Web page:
We often get questions from publishers, who don’t know how to set prices for their work correctly. What is the number that doesn’t scare off marketers and yet compensates for the work done and for the efforts put in the site’s promotion?
There are plenty of factors that justify your price setting for your services. Though we’ll only look at the most essential of them below, please, note, that everything matters - amount of traffic coming to your site monthly, time spent by users on your site, efforts required to do the task, social networks following, etc.
Below are the 6 metrics we think are relevant to the price setting process, as they represent the real value of your website, and say a lot to marketers searching for platforms to cooperate with.
6 crucial price setting metrics
- First of all, it’s the service you choose to provide. It totally makes sense that content creation+placement and placement will be evaluated differently, as content creation+placement will require more effort and work from you than placement of the content provided by a marketer.
- Please, note: When you provide content creation and placement services, you get paid once, i.e. you don’t receive money separately for creating content and for placing it later. You will get the sum you indicate in the “Content Creation and Placement” field according to content length.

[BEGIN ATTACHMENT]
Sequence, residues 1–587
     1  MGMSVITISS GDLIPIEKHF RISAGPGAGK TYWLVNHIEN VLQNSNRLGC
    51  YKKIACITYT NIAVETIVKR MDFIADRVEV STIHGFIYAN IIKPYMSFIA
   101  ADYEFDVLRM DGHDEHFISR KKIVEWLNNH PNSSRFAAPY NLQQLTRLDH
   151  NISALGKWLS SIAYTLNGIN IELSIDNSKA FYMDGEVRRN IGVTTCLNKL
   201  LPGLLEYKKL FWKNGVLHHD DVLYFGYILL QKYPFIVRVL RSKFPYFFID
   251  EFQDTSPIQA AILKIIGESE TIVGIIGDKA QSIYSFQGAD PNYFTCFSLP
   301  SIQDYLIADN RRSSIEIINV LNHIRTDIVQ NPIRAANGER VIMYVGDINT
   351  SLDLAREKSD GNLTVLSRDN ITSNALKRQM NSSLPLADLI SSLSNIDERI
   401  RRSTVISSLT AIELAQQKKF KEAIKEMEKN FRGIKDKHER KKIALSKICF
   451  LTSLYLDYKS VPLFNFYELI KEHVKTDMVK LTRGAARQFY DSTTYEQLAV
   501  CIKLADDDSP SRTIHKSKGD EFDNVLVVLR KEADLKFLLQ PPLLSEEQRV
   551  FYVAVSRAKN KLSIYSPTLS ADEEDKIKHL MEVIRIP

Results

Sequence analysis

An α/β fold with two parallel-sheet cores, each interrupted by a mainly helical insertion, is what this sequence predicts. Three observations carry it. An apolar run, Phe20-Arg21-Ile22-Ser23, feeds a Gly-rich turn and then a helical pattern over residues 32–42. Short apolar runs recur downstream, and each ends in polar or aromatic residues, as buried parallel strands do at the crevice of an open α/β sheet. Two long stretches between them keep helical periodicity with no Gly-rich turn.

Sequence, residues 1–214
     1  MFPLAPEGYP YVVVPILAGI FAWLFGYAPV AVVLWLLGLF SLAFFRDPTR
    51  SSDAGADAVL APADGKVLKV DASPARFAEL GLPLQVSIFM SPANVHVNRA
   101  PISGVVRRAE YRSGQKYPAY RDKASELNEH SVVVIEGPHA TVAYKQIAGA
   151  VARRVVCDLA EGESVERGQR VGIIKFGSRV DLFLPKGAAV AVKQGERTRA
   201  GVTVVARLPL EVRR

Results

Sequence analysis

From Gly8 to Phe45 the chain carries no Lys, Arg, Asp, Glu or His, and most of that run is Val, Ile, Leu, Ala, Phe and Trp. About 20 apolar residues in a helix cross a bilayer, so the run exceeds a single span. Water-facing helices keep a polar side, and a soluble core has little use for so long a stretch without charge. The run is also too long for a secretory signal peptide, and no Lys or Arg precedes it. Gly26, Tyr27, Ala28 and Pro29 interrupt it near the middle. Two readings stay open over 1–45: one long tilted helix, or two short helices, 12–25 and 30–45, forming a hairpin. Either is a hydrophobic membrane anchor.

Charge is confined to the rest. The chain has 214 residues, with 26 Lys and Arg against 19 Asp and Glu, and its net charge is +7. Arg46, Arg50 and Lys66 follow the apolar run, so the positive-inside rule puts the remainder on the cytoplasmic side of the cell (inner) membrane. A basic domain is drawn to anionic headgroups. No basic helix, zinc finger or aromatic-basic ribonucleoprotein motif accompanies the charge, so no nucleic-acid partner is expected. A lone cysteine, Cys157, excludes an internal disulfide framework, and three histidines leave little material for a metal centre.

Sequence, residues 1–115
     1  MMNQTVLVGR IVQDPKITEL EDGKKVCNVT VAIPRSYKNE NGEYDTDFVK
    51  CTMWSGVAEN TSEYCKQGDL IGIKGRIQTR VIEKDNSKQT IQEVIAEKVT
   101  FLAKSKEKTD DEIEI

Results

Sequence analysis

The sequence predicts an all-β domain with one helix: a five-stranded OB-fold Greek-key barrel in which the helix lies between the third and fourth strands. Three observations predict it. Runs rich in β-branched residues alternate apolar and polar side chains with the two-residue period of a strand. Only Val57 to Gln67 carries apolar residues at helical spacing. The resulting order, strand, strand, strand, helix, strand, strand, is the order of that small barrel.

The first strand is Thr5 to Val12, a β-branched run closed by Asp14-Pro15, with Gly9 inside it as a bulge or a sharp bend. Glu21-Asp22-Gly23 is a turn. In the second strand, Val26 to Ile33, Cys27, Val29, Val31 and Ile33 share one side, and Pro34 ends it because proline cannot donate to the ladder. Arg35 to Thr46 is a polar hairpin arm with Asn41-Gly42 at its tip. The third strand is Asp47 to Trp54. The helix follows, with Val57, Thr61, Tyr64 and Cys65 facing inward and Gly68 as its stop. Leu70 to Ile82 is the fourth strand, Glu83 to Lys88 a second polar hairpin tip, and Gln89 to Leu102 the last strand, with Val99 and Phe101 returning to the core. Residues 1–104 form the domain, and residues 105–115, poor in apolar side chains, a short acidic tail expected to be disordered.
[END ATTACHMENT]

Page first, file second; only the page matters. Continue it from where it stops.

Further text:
- Speaking of content length, at Adsy you can agree to create mini-posts, articles or long articles. With each of them the number of words will vary (from 300 to 1000+) as well as the number of links you’ll need to include(from 1 to 3). The price can, of course, increase with the words and links increase. You can decline one of the content sizes if you don’t feel like writing long articles, for example.
- Link types. Whether the link you are ready to place is going to be dofollow or nofollow will also impact the price. Dofollow links are the ones that are reachable by the search engines, and they pass some link juice on to the pages they refer to. Nofollow links don’t pass the link juice on, but they are still valuable for SEO and getting traffic.
- DA and PA score. Domain Authority and Page Authority signal about how well a website or a particular page on a website rank in the search engines. Both were designed at Moz and are based on more than 40 metrics. High number of DA and PA means that the site or the web page is authoritative, which is obviously good for its rankings.
- SB Rank. A metric that assesses relevancy of a page based on its DA and PA, and is marked by a number 1-10. You can check your DA, PA and SB Rank using this tool from ScanBacklinks. You’ll also find more information about each of them there.
- Alexa Rank. A score designed by alexa.com (and this is the place you can check it), which considers traffic coming to the site in a three-month period. When a site has a high number of unique visitors and views, its Alexa Rank goes down. At the moment Google has №1 Alexa Rank, which means it’s got the best mix of visitors and page views.
How to set prices?
Sponsored posts formula